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Securities and Exchange Commission v. Wyly

United States District Court, Second Circuit

June 13, 2013


Gregory Nelson Miller, Esq., Alan M. Lieberman, Esq., John David Worland, Jr., Esq., Martin Louis Zerwitz, Esq., United States Securities and Exchange Commission, 100 F Street, N.E., Washington, DC 20549, (202) 551-4469, for the SEC.

William Andrew Brewer, III, Esq., Michael J. Collins, Esq., James S. Renard, Esq., Michael L. Smith, Esq., Bickel & Brewer, 767 Fifth Avenue, 50th Floor New York, NY 10153, (212) 489-1400, for Samuel E. Wyly.

Stephen D. Susman, Esq., Mark H. Hatch-Miller, Esq., Susman Godfrey, LLP, 560 Lexington Avenue, 15th Floor, New York, NY 10022, (212) 336-8330, Terrell W. Oxford, Esq., David D. Shank, Esq., Susman Godfrey, LLP, 901 Main Street, Suite 5100, Dallas, TX 75202, (214) 754-1900, for Donald R. Miller, Jr.

Martin Joel Auerbach, Esq., Law Offices of Martin J. Auerbach, 1185 Avenue of the Americas, 31st Floor, New York, New York 10105, (212) 704-4347, Laura Elizabeth Neish, Esq., Zuckerman Spaeder, LLP, 1185 Avenue of the Americas, 31st Floor, New York, New York 10105, (212) 704-9600, for Louis J. Schaufele, III.

Joshua Klein, Esq., Nelson A. Boxer, Esq., Petrillo Klein & Boxer LLP, 655 Third Avenue, 22nd Floor, New York, NY 10017, (212) 370-0330, for Michael C. French.


SHIRA A. SCHEINDLIN, District Judge.


In an Opinion and Order dated June 6, 2013 ("June 6 Opinion"), I held, among other things, that the Securities and Exchange Commission's ("SEC") penalty claims against defendants in this case were time barred insofar as they accrued more than five years before tolling agreements with the SEC took effect. Therefore, for those claims against the Wylys that accrued prior to February 1, 2001, the only monetary relief available is disgorgement. For the Wylys' alleged failure to disclose their beneficial ownership of certain securities in SEC filings, the SEC contends that the measure of disgorgement is the amount of federal income taxes that the Wylys allegedly avoided by transferring stock options to the Offshore Corporations[1] and failing to disclose their control over the options.[2] The sole issue addressed in this Opinion is whether the SEC has the authority to seek disgorgement measured as the amount of federal income taxes it claims the Wylys would have been required to pay if they had disclosed their beneficial ownership of the securities in question, or whether such relief impermissibly impinges upon the Secretary of the Treasury's ("Secretary") exclusive authority to assess and collect taxes.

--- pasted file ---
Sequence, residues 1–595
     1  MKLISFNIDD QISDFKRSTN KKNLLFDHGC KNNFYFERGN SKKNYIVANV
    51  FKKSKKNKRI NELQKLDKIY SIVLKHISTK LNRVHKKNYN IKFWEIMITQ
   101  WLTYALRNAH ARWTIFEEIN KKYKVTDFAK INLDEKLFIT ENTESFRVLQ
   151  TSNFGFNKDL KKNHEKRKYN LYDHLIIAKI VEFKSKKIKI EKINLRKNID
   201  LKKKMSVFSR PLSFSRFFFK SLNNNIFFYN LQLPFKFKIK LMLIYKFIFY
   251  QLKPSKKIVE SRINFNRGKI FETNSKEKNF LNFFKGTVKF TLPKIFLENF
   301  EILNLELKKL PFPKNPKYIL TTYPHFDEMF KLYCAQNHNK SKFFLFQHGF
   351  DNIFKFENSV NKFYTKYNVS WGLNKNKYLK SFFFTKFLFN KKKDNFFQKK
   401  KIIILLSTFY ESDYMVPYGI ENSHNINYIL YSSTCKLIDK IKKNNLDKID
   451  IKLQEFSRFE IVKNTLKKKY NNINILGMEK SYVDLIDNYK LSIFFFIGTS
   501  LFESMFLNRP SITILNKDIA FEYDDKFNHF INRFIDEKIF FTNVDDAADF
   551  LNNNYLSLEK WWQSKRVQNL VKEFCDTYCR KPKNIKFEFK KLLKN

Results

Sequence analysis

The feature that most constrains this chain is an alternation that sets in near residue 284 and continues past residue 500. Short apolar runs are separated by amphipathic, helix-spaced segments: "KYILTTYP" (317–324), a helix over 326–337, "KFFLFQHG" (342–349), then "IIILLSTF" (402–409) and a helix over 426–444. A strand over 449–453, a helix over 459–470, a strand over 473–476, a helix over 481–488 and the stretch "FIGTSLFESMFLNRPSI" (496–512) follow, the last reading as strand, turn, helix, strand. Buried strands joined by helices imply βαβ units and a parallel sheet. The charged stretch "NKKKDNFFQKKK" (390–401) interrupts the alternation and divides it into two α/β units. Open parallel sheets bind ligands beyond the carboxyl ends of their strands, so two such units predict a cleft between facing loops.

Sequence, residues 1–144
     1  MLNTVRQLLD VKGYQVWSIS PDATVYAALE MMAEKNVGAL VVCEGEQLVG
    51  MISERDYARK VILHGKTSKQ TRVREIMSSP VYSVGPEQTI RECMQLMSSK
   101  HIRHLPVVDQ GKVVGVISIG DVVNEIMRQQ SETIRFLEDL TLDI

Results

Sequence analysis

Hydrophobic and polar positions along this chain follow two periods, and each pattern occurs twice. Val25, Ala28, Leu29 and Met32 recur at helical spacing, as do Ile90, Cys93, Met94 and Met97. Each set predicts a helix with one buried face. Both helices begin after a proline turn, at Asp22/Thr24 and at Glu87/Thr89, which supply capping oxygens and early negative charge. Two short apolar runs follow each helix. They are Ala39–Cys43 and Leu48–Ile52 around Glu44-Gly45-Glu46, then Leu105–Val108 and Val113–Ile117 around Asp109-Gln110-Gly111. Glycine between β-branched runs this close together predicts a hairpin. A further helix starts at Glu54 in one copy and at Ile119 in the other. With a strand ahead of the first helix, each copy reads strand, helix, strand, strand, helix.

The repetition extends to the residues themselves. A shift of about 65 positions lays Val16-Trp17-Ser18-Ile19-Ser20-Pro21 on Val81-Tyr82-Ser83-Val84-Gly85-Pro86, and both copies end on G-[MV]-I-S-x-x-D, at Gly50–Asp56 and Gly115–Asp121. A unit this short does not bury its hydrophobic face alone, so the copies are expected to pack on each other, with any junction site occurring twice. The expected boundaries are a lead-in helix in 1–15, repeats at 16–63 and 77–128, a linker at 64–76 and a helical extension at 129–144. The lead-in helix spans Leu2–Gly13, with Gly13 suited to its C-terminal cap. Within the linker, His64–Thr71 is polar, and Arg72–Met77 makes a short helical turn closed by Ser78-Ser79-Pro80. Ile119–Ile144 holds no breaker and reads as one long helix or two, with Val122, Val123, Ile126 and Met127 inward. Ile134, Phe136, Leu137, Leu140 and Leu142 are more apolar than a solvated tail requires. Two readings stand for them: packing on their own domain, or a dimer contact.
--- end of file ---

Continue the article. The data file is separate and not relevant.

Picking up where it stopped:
A detailed factual background of the case is set forth in the March 31, 2011 Motion to Dismiss Opinion and the June 6 Opinion.[3] Only the background relevant to disgorgement is discussed here. The factual predicate for the disgorgement of unpaid taxes is that "[t]he Wylys set up their overseas trusts to create the appearance of non-grantor' trusts, which would make them separate taxable entities and provide favorable tax treatment of capital gains on transactions involving the trust-held securities... [when, in fact, ] the trusts were grantor trusts because the Wylys exercised dominion and control over them."[4] As non-grantor trusts, the tax rates on the trusts' capital gains would be "Isle of Man rates, which are essentially zero[, ]" whereas as grantor trusts, they would be taxed at the rate of the beneficial owner, making capital gains from the sale of overseas shares income to the Wylys and taxable at the applicable U.S. capital gains rate.[5] "By misrepresenting the beneficial ownership of the trusts, and by misrepresenting the dominion and control over the trust assets, the Wylys created an unjust tax benefit for themselves."[6]

A Wyly family employee, Keeley Hennington, recognized the relationship between the non-disclosure of beneficial ownership of securities and the Wylys' tax avoidance measures. When, as a part of a proxy battle, Samuel Wyly desired to disclose his ownership of the stock held through the Wyly family's Offshore System, Hennington warned in a February 26, 2002 memorandum: